Maui has accommodations to fit every kind of dream vacation, from luxury oceanfront suites and historic bed-and-breakfasts to reasonably priced condos that will sleep a family of four. Remember to consider when you will be traveling to the islands. Maui has two seasons: high and low. The highest season, during which rooms are always booked and rates are at the top end, runs from mid-December to March. The second high season, when rates are high but bookings are somewhat easier, is summer, June to September. The low season, with fewer tourists and cheaper rates, is April to June and September to mid-December.
After a few days of just relaxing on the beach, the itch to explore the rest of Maui sets in: What’s on top of Haleakala, looming in the distance? Is the Road to Hana really the tropical jungle everyone raves about? What does the inside of a 19th-century whaling boat look like?
There is far more to the Valley Isle than just sun, sand, and surf. Get out and see for yourself the other-worldly interior of a 10,000-foot volcanic crater; watch endangered sea turtles make their way to nesting sites in a wildlife sanctuary; wander back in time to the days when whalers and missionaries fought for the soul of Lahaina; and feel the energy of a thundering waterfall cascade into a serene mountain pool. Whether you’re traveling for adventure or relaxation, there are plenty of amazing Maui activities to keep you entertained.
In the past decade, with the ascension of Hawaii Regional Cuisine into national prominence, and with Maui as Hawaii’s visitor-industry success story, the island’s best chefs have opened their Maui doors and turned this island into a culinary nexus. One such dining experience includes the weekly Maui Chef’s Table, a 7-course farm-to-table meal at the stunning Mill House Restaurant at Maui Tropical Plantation. You can also dine well at Lahaina’s open-air waterfront restaurants, where the views are spectacular! There are budget eateries here, as well. Maui’s old-fashioned, multi-generational mom-and-pop diners can still be found in Makawao, Wailuku and Lahaina, clinging to the edge of existence in the older neighborhoods of Maui. Although you’ll have to work harder to find them in the resort areas, you won’t have to go far to find creative cuisine, pleasing style, and stellar views in Upcountry, south, central and west Maui.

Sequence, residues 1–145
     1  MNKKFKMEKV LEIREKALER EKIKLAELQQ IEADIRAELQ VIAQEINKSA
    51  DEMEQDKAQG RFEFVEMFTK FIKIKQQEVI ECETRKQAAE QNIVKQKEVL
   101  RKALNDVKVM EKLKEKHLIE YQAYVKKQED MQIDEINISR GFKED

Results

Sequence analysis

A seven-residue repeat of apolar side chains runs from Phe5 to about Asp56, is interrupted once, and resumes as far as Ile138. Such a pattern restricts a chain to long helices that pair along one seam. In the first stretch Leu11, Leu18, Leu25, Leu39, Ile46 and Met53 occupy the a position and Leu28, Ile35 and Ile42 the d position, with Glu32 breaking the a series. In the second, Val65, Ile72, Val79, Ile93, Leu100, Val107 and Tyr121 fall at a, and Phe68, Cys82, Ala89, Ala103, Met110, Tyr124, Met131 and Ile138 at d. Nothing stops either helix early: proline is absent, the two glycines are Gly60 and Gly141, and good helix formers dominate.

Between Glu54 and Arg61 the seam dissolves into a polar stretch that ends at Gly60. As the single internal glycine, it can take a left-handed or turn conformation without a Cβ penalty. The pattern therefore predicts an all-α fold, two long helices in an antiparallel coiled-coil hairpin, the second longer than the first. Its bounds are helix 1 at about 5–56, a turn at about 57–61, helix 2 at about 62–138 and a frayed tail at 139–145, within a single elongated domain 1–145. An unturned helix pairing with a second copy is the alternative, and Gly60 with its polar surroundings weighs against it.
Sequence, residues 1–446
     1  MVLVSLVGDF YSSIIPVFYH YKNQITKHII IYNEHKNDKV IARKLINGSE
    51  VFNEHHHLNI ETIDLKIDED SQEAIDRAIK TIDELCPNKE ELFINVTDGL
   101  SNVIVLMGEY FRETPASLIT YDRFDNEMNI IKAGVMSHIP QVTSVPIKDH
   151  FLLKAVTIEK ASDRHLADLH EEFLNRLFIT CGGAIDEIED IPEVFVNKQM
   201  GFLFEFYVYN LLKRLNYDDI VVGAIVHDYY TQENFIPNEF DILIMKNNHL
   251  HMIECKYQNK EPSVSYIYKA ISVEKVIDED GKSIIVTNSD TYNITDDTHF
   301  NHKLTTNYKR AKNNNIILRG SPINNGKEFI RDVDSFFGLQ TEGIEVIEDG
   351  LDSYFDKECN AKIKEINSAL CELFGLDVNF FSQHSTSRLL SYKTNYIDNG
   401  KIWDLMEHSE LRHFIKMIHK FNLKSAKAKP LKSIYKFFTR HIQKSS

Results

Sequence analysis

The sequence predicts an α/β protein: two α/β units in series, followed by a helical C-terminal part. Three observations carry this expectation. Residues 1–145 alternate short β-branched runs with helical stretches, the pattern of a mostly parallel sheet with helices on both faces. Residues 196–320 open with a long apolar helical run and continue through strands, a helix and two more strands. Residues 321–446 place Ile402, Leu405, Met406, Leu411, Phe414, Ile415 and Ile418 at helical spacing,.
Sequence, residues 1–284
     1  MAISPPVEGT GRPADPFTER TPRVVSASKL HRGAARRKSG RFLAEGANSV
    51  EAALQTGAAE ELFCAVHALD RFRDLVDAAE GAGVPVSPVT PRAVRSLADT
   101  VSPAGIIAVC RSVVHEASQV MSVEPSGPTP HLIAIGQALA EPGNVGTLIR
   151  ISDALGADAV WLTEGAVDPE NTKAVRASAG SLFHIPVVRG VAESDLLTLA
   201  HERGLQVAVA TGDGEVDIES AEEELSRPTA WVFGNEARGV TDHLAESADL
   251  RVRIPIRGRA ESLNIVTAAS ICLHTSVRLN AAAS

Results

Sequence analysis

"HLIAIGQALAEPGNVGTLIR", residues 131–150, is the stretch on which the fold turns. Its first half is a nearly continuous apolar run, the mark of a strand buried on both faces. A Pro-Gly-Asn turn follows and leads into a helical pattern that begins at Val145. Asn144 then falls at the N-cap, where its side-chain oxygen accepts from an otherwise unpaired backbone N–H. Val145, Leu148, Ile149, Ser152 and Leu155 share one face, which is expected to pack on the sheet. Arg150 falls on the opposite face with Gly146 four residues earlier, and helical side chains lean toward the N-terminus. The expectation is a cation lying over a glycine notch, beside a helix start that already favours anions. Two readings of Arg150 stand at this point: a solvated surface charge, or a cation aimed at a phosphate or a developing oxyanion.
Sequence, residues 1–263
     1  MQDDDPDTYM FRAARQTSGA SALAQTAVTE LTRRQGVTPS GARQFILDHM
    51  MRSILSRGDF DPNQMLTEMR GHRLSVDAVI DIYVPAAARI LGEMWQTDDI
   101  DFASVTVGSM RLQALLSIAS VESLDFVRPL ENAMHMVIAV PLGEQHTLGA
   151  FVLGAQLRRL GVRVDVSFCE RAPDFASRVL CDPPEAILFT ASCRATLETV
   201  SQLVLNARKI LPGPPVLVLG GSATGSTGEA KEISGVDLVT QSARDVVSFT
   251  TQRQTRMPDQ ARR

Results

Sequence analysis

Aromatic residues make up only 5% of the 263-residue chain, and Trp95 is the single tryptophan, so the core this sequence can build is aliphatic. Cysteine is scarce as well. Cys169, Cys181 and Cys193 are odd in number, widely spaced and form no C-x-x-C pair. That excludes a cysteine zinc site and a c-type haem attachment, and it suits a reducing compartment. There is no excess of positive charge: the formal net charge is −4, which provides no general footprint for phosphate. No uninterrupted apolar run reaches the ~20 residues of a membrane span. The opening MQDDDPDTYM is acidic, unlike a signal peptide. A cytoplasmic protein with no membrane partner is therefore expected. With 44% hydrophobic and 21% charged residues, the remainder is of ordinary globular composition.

The island’s most prestigious entertainment venue is the $28-million Maui Arts and Cultural Center in Kahului, a first-class center for the visual and performing arts. It has proven to be a great success, a Maui star: Since its 1994 opening, the state-of-the-art facilities have attracted first-rate performers and sold-out shows. Bonnie Raitt has performed here, as have Hiroshima, Pearl Jam, Ziggy Marley, Tony Bennett and Willie Nelson (a local resident), not to mention the finest in local and Hawaii talent. It has booked world class cultural exhibits, rock and reggae, the Lakota Sioux Indian Dance Theatre, Carlos Santana, the Maui Symphony Orchestra, the stars of the Moscow Ballet, John Mayall, Kenny Loggins, magic shows, top Hawaiian performers, the Hawaii International Film Festival, and many other notable acts.
The center is as precious to Maui as the Met is to New York, with a visual-arts gallery, an outdoor amphitheater, offices, rehearsal space, a 300-seat theater for experimental performances, and a 1,200-seat main theater. Whether it’s hula, the Iona Pear Dance Company, Elton John, or Hawaiian-music icon Keali’i Reichel, only the best will appear at the Maui Arts and Cultural Center. For more intimate and/or scenic performances, Maui Tropical Plantation also hosts concerts and a variety of festivals throughout the year. Activities are well publicized locally, so check the Maui event calendar or ask your hotel concierge what’s going on during your visit.
So, what do you do on Maui when it’s too late for a Haleakala sunrise, not quite happy hour, and not sunny enough for the beach? Go shopping, of course, a major activity on this particular island. And why not? You can leapfrog from one shopping center to the next simply by following the main road and enjoy the views of Haleakala or the West Maui Mountains in between. Maui is also an arts hub of the islands, with a large number of resident artists who show their works in dozens of galleries and countless gift shops.
From Kula to Hana, Maui is also the queen of specialty products, an agricultural cornucopia that includes Kula onions, upcountry protea, Kaanapali coffee, world-renowned potato chips, and many other treats that are shipped worldwide.
Maui’s gorgeous finds are particularly rewarding. Residents work, live, and shop for everyday needs in Central Maui, and it’s home to first-rate boutiques for specialized tastes as well: Historic Wailuku has its own antiques alleys (N. Market and Main streets), Paia Town is home to a handful of chic boutique shops, and the Ka’ahumanu Center in neighboring Kahului is becoming more fashionable by the month. Makawao’s boutiques are worth seeking out, and finally, the Wailea Shopping Village in the exclusive golf resort area of Wailea, just south of Kihei.
No matter what you decide to do while you’re here, one thing’s for sure – a trip to Maui is guaranteed to leave you feeling refreshed, renewed and relaxed!